Sunday, August 27, 2006

Friday: Pimms No. 1 and The London Symphony Orchestra

The picture above shows the view of Canary Wharf just outside the office, a popular gathering place with many lively pubs and restaurants. After work on Friday I was invited to join my London colleagues for an end-of-the-week beer at a pub called The Slug and Lettuce, just out of view on the right side of the picture, behind the trees. After socializing over a pint of Guinness, I went back up to the office to make a few phone calls to my New York colleagues who were all still hard at work due to the time difference. I finally called it a day around 8:40 pm (as you can see by the clocks in the picture).

I discovered the London Symphony Orchestra was doing an outdoor concert in Canada Square Park, just behind me as I snapped that picture. The concert was half over by this time, but I wandered over anyway. Even though I was tired, I couldn't resist hearing just a few pieces.

Intermission was in progress so I decided to get something to drink before the music started. The makeshift outdoor beverage stand offered only two (alcoholic) choices: Budweiser and Pimms. Well, I had not come all the way to London to order a Bud, so I ordered the Pimms. I thought it curious that the bartender put ice and fruit in the glass before she filled it from the tap. It looked like beer, but was it? The taste was... well... not at all like beer. Almost sweet. And one of the pieces of fruit was actually a cucumber! I drank a pint of the stuff and never did figure out what it was! Thanks to the internet, I can now tell you that Pimms No. 1, as it’s called, is a gin-based drink which consists of a slice of orange, lemon, apple, cucumber, and a sprig of mint -- all placed in a glass of two parts lemonade to one part Pimms. Apparently it’s as British as tea and is only drunk in the summer.

Canada Park was crowded, but I found a little place on the edge of the grass (on a curb, actually) where I could see the conductor on one of the big screens as well as the bandshell through the trees to my right. The "picturesque" crane in the background served as a reminder that Canary Wharf in the Docklands was an industrial area before it became London's ultra-modern version of Wall Street.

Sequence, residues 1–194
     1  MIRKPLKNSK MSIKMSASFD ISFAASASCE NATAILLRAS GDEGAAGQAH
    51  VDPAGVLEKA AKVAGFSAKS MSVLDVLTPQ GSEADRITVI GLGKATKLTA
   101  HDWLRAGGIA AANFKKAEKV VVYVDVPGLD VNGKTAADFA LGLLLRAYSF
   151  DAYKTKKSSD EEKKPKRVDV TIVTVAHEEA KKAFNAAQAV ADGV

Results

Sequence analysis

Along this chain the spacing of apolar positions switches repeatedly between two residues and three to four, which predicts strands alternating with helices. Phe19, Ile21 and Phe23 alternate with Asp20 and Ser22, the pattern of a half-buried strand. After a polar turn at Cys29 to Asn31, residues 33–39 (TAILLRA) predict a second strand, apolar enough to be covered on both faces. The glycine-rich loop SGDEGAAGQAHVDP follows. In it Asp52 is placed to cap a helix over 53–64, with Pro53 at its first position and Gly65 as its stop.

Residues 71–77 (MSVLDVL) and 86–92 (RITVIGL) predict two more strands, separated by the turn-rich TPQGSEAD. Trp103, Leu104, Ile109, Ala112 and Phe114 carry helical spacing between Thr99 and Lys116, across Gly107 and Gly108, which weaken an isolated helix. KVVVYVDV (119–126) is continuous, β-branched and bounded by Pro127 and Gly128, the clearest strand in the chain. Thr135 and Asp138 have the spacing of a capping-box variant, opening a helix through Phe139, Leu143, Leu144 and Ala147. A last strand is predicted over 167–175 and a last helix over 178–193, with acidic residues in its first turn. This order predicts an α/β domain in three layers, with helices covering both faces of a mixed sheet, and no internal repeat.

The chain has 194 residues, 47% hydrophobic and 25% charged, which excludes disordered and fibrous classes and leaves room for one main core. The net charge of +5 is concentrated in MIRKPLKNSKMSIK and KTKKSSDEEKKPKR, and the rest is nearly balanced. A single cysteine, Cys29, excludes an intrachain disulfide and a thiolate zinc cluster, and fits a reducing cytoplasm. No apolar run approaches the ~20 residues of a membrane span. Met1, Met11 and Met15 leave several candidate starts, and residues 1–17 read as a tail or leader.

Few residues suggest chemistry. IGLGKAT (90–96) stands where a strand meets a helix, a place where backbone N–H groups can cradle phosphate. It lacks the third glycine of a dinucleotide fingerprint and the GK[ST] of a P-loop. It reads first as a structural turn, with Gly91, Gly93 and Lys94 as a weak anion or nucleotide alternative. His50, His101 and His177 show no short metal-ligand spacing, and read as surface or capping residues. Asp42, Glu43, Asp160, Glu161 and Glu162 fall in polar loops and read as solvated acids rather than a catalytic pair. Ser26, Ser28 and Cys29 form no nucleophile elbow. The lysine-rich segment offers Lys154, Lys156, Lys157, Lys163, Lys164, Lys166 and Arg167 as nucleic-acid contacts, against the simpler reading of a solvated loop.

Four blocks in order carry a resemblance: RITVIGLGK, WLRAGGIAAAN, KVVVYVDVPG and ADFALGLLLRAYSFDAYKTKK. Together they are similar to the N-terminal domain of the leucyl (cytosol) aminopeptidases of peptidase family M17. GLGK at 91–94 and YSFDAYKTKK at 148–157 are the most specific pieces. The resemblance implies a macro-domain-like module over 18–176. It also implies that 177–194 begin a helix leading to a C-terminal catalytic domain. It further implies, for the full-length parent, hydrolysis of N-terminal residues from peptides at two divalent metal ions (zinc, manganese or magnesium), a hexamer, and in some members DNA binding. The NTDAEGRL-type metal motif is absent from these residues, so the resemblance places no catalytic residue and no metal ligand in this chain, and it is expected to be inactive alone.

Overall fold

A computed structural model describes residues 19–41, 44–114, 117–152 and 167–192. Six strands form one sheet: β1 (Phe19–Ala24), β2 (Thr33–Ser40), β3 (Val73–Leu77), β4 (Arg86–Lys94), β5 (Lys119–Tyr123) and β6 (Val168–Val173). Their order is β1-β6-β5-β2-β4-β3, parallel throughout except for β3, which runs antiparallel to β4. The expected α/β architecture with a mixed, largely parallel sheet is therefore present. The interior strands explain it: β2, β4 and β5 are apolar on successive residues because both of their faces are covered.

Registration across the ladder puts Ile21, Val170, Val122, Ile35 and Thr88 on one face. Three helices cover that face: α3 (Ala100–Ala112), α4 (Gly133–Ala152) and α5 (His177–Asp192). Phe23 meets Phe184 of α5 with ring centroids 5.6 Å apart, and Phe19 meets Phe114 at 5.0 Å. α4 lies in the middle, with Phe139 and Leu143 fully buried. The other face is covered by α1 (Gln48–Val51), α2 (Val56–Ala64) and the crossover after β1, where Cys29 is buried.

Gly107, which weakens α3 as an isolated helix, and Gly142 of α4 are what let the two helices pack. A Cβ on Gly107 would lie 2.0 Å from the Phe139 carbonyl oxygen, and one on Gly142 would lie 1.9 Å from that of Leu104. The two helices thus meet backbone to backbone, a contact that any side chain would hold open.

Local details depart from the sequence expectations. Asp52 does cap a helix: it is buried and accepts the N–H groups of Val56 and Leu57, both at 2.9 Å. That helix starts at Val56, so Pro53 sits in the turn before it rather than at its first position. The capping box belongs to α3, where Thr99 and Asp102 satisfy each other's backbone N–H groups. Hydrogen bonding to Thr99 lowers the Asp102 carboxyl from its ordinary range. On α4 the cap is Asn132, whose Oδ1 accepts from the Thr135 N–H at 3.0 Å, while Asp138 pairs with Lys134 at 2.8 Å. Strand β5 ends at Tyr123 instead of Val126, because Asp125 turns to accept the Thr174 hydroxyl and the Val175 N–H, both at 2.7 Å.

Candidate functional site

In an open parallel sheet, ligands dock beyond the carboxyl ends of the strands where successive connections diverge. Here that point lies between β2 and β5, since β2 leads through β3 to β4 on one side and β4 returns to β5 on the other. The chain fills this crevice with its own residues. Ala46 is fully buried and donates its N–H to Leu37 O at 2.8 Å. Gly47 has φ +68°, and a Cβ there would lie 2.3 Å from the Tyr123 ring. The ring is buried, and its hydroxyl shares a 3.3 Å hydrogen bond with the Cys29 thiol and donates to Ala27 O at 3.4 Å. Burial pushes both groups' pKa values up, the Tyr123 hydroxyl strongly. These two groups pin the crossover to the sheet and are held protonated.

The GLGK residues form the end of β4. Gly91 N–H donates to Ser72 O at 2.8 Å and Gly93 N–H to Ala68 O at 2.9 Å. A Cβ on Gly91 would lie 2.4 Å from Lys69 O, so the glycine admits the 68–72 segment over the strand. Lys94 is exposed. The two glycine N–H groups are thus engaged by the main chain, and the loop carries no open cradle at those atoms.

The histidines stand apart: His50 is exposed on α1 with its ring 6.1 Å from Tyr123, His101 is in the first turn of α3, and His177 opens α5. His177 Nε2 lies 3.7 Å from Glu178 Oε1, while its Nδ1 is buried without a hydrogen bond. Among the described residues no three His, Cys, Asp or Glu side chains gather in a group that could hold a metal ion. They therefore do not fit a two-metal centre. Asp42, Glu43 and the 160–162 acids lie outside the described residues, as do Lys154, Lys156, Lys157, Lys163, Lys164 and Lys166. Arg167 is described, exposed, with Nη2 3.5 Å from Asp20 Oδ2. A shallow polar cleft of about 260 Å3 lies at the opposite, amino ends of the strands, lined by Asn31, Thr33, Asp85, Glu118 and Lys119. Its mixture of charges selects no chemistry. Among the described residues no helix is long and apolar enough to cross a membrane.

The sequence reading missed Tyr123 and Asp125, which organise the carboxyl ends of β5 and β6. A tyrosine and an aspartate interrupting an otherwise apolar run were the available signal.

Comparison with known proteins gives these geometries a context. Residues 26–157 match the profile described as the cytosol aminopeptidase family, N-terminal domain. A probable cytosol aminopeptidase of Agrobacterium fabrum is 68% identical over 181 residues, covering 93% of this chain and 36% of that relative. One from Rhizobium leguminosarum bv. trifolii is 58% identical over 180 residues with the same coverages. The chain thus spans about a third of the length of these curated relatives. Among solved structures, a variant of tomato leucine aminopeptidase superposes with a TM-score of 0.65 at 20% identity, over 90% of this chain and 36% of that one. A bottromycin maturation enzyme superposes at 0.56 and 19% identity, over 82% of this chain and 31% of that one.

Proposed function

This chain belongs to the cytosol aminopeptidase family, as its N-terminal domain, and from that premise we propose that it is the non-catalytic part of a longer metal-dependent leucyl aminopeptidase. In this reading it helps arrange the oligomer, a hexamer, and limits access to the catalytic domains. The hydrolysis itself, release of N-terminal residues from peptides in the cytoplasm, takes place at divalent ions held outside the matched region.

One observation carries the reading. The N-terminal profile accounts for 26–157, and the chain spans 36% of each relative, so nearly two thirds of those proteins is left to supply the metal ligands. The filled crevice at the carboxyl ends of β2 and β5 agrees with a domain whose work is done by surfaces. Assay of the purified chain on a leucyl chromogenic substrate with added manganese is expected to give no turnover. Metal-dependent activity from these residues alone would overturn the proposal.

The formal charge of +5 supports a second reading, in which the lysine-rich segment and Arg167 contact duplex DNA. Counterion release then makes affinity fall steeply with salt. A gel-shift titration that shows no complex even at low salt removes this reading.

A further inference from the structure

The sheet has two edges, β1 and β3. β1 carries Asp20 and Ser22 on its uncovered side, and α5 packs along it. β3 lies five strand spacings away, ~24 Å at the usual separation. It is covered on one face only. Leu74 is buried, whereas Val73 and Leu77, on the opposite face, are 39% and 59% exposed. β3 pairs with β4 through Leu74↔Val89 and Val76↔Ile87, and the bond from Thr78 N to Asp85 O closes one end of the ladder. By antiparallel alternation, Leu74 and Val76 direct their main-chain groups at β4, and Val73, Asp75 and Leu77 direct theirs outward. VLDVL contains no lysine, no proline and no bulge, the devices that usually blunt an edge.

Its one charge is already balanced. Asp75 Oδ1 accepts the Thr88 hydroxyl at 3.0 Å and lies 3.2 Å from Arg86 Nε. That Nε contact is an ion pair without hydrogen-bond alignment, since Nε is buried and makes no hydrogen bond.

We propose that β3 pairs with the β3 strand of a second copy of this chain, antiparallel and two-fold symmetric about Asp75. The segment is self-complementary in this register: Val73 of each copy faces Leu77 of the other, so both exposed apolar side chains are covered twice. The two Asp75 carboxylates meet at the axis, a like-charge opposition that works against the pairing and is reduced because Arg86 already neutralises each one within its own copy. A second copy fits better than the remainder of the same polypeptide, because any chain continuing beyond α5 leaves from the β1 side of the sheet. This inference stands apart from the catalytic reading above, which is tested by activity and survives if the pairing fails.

As soon as I settled in with my Pimms, the second half of the concert began. As if just for me, the London Symphony was performing a program of American music.

Now Bernstein, Barber, Gershwin, and Copeland are all serious American composers, and Richard Rodgers always makes good summer fare. But John Phillip Sousa??? What was he doing with that lot? But never mind. Sousa was last on the bill, and I planned to leave before then. I'm not very fond of Sousa, probably because I played Sousa marches ad nauseum in my high school marching band.

The concert was lovely, and it was nice to sit out in the cool summer air. As the program progressed and the orchestra launched into the first Sousa march, I got up to leave. However, the audience reaction to the music stopped me. The British obviously found these marches much more exciting than I did. People were clapping in rhythm and cheering at the chirping piccolos. I decided to stay and observe the crowd. Then I began hearing the marches through their ears, so to speak. It was an amazing experience. By the end the crowd couldn't stop applauding. They gave the orchestra a huge standing ovation and were rewarded with an encore.

I left before the encore ended. I needed to get back to the hotel and pack. Maurene and I had a big weekend ahead. In retrospect, though, I must say that I have a whole new appreciation for Sousa marches. They will always make me remember the enthusiasm of that Canary Wharf audience and wish for a Pimms No. 1.

(P.S. All the photos in this post are mine.)

© 2006, Linda Mason Hood
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